A first-time guide to driving in the US
19 July 2016 by Rui Ribeiro
One of the best things about a trip to the US is the opportunity to try that classic pastime—the great American road trip. There’s nothing quite like piling your bags into a car, and taking off down a wide stretch of open road, completely in control of your own schedule.
Our travellers agree, and over the years our self-drive holidays in the United States have become some of the most popular getaways our clients request. But for a traveller from the UK, there are some significant differences between driving at home and driving in the States, so you’ll want to ensure you know the basics before you set off.
You’ll need a driving permit and proof of insurance
Licenced UK drivers will need this document to permit them to drive in the US. Fortunately, it costs only £5.50—details are available on the Government’s website. You’ll also need to carry your British licence as well.
It is illegal to drive a car without car insurance in the United States—if you get into a scrape, It will protect everyone involved. All car hire companies will provide insurance, but you should always be able to provide proof of insurance upon request.
The rules can vary between states
Driving in the US, you won’t often notice when you’ve crossed a state boundary, except for the roadside signs. But it’s worth being aware, as the driving laws can change from state to state, and one can be easily pulled over for an accidental infraction.
For example, speed limits, including the default (non-posted) limit can change across state lines, and some states also have minimum speeds you must maintain.
Don’t turn left too hard
Of course, most countries drive on the right-hand side of the road, and frequent travellers from Britain are used to making the switch. The real challenge, however, is remembering that this also changes which vehicles have the right of way.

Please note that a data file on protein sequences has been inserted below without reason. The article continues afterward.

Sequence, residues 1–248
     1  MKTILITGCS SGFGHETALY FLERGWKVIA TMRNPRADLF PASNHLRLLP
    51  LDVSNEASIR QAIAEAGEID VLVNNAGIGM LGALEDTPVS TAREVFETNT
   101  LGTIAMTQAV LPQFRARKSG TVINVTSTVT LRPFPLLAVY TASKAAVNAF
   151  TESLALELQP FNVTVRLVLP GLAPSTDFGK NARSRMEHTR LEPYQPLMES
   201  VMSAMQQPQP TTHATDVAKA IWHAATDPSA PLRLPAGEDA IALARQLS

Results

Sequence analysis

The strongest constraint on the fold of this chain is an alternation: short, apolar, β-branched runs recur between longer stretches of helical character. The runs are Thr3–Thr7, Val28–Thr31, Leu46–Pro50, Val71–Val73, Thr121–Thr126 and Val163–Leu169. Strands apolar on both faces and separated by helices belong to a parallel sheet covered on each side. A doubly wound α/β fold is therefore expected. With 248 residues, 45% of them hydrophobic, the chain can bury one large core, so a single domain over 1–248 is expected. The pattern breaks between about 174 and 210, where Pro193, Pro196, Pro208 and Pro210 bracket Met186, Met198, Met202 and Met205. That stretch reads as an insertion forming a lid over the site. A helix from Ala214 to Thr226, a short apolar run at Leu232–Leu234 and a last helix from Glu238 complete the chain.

In the US, you’ll want to adjust your habits around left-hand turns in particular, giving everyone plenty of space and waiting patiently for a good opportunity to open up.
You can turn right on red
It’s legal to take a right turn on a red light, so long as you’ve come to a full stop, there is no oncoming traffic that would have to adjust to accommodate you and there is no sign stating otherwise. One notable exception to this rule is New York City, however, where this rule would add to congestion and confusion.
Stay off your mobile
While enforcement is a bit spotty at times, it is illegal to use your mobile phone while driving in most of the United States, unless you have a hands-free device.
Stop for school buses
No matter which side of the road you’re on, if a school bus has stopped to let children on or off, you must also stop to create a safe path for them to cross the road. Most buses will flash their lights or unfold a stop sign from the door, but it can still be easy to miss if you’re not observing both sides of the street carefully.
Put alcohol in the boot
In most parts of the US, it is illegal to carry an opened container of alcohol in the car, whether or not the driver is imbibing. But it’s often impossible to avoid carrying leftover wine, for example, so the safest thing to do is keep any open containers of alcohol in the boot, where they’re out of sight.
As with everything in America, you’ll encounter vast regional differences, from etiquette to posted signs. For the official list of driving rules in each state, consult the US Department of Motor Vehicles online.